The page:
Bigger baitcast spools matter, too

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Kevin VanDam

Kevin VanDam

In the world of professional bass fishing, Kevin VanDam is at the pinnacle and arguably the best in the world.

Faster doesn’t always mean better when choosing a baitcast reel.

Don’t get me wrong – I use high-speed reels for several techniques, but not all of them. You shouldn’t be too infatuated with gear ratio alone.

Gear ratio determines the amount of times a spool will turn with each crank of the handle. Naturally, a 6.3:1 reel, which turns the spool 6.3 times with each handle revolution, is going to move a bait faster than one geared at 5.3:1.

But one aspect anglers overlook is a reel’s spool size. I discussed that in a recent blog about spinning reels, and it’s equally important in baitcast selection.

Quantum just introduced sizes 200 and 300 in its lightweight EXO series to complement the smaller 150 size the company rolled out last year. I prefer the 200 series because it offers a bigger spool which translates to more line capacity and more inches of line per turn of the handle.

Equally important is that they made the reel lighter without sacrificing guts or power. I’ve been fishing big crankbaits with this reel and really notice the weight difference. Paired with my 7-10 KVD Tour Rod, the deep diving crankbait is easier to fish, and because of the lighter weight, I can feel the bait better.

The 200 holds 175 yards of 14-pound fluorocarbon and is offered in gear ratios of 7.3, 6.6 and 5.3. The 300 is considerable larger and more suitable for fishing for muskies and salmon where trolling or deep water fishing requires more line.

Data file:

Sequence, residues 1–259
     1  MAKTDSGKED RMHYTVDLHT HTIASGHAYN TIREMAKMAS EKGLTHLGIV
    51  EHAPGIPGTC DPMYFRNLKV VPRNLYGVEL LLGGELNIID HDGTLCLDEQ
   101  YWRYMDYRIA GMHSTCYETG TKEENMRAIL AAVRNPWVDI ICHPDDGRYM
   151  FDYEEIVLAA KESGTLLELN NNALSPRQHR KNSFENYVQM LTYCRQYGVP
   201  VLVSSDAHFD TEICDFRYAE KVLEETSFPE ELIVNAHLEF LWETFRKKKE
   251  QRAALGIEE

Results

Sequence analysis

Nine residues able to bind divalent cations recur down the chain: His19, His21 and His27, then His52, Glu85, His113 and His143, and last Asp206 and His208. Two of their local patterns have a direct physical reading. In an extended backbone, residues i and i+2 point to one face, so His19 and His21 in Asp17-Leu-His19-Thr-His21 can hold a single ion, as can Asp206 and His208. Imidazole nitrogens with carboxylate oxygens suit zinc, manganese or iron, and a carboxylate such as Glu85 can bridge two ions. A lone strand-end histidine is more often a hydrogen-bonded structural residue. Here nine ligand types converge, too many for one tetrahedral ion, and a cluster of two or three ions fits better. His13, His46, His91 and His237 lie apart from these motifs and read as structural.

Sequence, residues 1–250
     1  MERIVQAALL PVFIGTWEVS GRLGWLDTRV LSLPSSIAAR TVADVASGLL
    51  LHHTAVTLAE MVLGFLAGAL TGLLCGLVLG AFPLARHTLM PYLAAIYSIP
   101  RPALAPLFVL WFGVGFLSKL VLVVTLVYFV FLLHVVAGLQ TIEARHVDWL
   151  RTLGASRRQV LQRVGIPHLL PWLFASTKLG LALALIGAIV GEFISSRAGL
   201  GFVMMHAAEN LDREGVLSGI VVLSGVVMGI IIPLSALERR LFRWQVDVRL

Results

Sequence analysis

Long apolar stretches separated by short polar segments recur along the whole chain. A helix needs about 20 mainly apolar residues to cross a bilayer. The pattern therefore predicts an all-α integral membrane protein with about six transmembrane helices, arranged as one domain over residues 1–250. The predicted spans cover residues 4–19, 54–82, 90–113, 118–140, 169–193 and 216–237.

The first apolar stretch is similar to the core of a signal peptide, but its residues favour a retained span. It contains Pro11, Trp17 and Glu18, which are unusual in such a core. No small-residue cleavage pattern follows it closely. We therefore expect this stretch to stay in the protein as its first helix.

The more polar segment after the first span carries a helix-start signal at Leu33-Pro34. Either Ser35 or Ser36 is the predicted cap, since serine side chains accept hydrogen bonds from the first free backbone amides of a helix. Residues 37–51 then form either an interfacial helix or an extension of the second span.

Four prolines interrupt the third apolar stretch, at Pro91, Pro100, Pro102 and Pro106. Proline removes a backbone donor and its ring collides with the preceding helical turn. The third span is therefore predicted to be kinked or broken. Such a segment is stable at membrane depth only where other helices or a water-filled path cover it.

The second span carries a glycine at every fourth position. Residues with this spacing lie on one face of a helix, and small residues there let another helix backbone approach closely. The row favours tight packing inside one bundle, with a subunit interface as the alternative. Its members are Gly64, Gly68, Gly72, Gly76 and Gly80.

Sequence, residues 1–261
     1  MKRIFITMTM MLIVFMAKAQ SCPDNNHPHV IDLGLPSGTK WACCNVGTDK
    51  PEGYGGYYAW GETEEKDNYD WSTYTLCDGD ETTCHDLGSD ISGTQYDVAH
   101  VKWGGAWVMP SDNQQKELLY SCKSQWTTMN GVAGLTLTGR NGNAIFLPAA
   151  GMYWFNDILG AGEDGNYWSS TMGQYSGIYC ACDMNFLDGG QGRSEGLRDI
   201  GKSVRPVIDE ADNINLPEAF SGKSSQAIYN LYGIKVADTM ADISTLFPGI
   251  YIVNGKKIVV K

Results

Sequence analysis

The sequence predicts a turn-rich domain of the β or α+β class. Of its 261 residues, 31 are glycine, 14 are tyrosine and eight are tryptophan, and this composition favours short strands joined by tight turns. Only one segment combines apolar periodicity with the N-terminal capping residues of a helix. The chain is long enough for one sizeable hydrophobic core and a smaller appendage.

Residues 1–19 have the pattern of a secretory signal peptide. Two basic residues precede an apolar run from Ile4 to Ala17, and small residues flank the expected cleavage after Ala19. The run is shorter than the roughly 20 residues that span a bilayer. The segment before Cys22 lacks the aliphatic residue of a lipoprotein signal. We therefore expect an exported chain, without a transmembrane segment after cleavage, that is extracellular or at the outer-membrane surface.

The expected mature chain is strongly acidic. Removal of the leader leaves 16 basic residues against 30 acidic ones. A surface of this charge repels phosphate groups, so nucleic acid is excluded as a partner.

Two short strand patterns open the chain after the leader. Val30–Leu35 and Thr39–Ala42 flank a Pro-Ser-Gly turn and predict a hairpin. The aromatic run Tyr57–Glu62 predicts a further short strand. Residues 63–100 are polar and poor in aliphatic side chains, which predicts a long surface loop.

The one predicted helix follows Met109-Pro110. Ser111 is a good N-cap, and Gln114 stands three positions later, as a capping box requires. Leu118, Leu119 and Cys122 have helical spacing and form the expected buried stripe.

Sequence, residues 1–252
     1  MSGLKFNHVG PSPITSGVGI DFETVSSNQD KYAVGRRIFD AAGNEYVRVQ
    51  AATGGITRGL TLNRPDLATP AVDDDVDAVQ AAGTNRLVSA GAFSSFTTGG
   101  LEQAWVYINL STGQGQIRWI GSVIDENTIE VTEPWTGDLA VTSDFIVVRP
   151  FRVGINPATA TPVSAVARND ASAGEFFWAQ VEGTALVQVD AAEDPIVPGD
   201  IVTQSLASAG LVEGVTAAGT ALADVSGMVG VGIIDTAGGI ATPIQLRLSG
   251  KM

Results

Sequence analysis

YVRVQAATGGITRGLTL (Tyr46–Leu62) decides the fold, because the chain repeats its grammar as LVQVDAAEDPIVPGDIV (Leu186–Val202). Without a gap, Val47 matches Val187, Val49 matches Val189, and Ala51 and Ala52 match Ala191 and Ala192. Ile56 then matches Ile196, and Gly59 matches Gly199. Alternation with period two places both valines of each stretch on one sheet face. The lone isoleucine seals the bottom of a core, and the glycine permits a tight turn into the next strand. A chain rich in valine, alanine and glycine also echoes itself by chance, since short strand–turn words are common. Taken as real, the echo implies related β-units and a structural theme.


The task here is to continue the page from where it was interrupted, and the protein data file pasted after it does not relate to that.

Lightweight is a bonus, but only if you don’t sacrifice spool size. Spool up a small spool reel with heavy line, make a long cast with a big crankbait or Alabama rig, and you can cast it to the bare spool!

Furthermore, when you diminish line capacity on a smaller spool – such as on a long cast – you lose lure speed because it takes longer to take up line when the spool is near empty of half full.

When cranking big crankbaits or spinnerbaits, I prefer the 5.3:1-geared 200 model because it gives me good speed – because of the line capacity – and great power. It takes less effort to wind a Strike King 6XD with the slower-geared reel than it does with higher geared reels.

Speed isn’t as big of factor with crankbaits like it is with other presentations. With a faster reel, you have to force yourself to slow down to fish crankbaits effectively.

Now, if fishing a swim jig, burning a spinnerbait for smallmouth or other baits like that, I prefer the 6.6:1.

For lures like Carolina rigs, worms, football jigs, pitching, flipping and topwaters, I like the “Burner” (7:1) reels for picking up line quicker. With those lures, you’re not moving the bait with the reel, you’re moving it with the rod.

Other cases for a fast reel are when you’re “target fishing,” such as fishing a spinnerbait or an Ocho Stick Worm around bushes. You hit the target, work the bait a couple of feet, then wind in fast to hit another target. You save time and make more casts in a day.

So, think about all of that when pairing up rods and reels. Matching them appropriately will make you more efficient.

Remember, it’s all about the attitude!

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